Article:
Freyr & Aleees launch LFP joint venture
The Norwegian battery company Freyr and Aleees, a Taiwanese manufacturer of LFP cathode materials, have agreed to establish a joint venture. The planned joint venture is to build an LFP cathode factory in the Nordic region.
This cathode materials factory is expected to begin operations in 2024, coinciding with the expected ramp-up of Freyr’s first Gigafactory in Mo i Rana, Norway. It will be the world’s first gigawatt-scale LFP cathode plant outside mainland China, the two companies said in the statement.
The partners plan to initially produce 10,000 tonnes of LFP cathode material per year in Scandinavia. That should be enough to supply the Freyr factory in Mo i Rana, according to the companies’ estimates. The secondary goal of the joint venture is to quickly expand to “at least 30,000 tonnes” using Aleees’ modular LFP plant design. This step is to be achieved by 2025, just one year after the start of production. The announcement does not mention whether Freyr will buy the entire quantity or whether third-party customers will also be supplied.
The exact location of the factory has not yet been determined. According to Freyr CEO Tom Einar Jensen, “a limited number of suitable locations in Scandinavia” will be examined in the coming months. Freyr is not only planning to produce LFP battery cells, however: In November, an offtake agreement was signed with the commodities group Glencore for the purchase of 1,500 tonnes of cobalt-containing cathode material.
Freyr and Alees also plan to develop a “Nordic supply chain” for the as-yet unnamed joint venture, initially sourcing iron and phosphate products from Scandinavia. Freyr states that it is working to “bring lithium refining capacity to Norway to ensure a constant supply of high-quality raw materials”. The companies do not specify where the lithium will be sourced from until then.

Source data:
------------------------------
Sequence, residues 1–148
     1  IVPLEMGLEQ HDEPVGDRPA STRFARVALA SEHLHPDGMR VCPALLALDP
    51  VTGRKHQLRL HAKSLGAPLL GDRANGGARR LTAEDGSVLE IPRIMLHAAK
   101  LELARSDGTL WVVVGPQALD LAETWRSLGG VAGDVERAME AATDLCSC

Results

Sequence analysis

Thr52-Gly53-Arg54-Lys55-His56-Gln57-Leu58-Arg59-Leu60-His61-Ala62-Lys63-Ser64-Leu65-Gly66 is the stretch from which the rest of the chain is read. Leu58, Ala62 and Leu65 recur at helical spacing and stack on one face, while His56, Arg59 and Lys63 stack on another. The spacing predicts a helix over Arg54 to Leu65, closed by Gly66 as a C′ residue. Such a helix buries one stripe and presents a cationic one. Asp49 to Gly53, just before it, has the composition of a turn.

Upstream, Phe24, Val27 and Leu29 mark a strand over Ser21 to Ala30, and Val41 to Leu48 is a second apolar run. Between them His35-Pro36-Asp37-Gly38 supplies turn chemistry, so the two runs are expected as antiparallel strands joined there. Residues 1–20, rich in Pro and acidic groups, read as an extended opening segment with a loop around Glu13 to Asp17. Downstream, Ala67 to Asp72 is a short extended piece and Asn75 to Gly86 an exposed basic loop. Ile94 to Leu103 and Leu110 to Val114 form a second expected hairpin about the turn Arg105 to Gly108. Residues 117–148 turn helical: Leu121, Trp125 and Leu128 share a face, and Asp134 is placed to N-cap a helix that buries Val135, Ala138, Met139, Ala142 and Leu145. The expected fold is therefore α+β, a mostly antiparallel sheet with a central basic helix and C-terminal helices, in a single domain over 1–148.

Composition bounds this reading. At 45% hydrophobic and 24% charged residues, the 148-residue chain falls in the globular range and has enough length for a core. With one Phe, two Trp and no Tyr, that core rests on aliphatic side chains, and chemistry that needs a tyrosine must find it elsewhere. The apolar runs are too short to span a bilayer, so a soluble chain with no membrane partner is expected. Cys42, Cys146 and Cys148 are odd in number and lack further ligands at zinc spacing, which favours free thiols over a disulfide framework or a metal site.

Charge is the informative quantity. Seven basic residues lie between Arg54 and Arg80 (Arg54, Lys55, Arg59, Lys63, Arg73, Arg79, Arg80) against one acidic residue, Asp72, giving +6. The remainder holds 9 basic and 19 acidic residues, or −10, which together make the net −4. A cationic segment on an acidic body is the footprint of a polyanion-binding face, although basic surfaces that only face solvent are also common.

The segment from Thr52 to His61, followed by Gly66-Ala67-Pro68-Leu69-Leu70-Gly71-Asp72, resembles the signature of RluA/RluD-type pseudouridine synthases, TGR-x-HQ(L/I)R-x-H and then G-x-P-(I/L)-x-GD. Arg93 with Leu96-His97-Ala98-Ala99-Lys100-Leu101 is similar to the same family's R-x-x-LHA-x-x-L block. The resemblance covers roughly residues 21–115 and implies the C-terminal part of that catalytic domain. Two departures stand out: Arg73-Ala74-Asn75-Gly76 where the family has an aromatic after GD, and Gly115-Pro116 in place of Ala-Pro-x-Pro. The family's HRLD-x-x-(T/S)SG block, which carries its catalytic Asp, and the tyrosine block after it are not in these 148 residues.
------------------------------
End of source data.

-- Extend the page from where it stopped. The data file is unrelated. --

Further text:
From the localised supply chain, Freyr and Alees expect not only lower CO2 production due to the short transport routes, but “probably strong economic advantages”. These benefits are not precisely quantified.
The partnership between Freyr and Alees is no coincidence: The Taiwanese company is already an approved supplier of cathode material to the US company 24M Technologies. 24M is also Freyr’s technology partner, and the cells manufactured in Norway are to be based on 24M’s SemiSolid technology platform. Since Alees’ cathode materials are already approved for this, it facilitates the partnership with Freyr.
“The cooperation with FREYR will further allow us to improve the production process of cathode materials for LFP batteries to contribute to the reduction of global emissions,” says Edward Chang, CEO and founder of Aleees. “The combination of FREYR’s clean battery production and Aleees’ deep experience in LFP cathode production and established production capacity, will provide the basis for innovative solutions to the battery solutions worldwide.”
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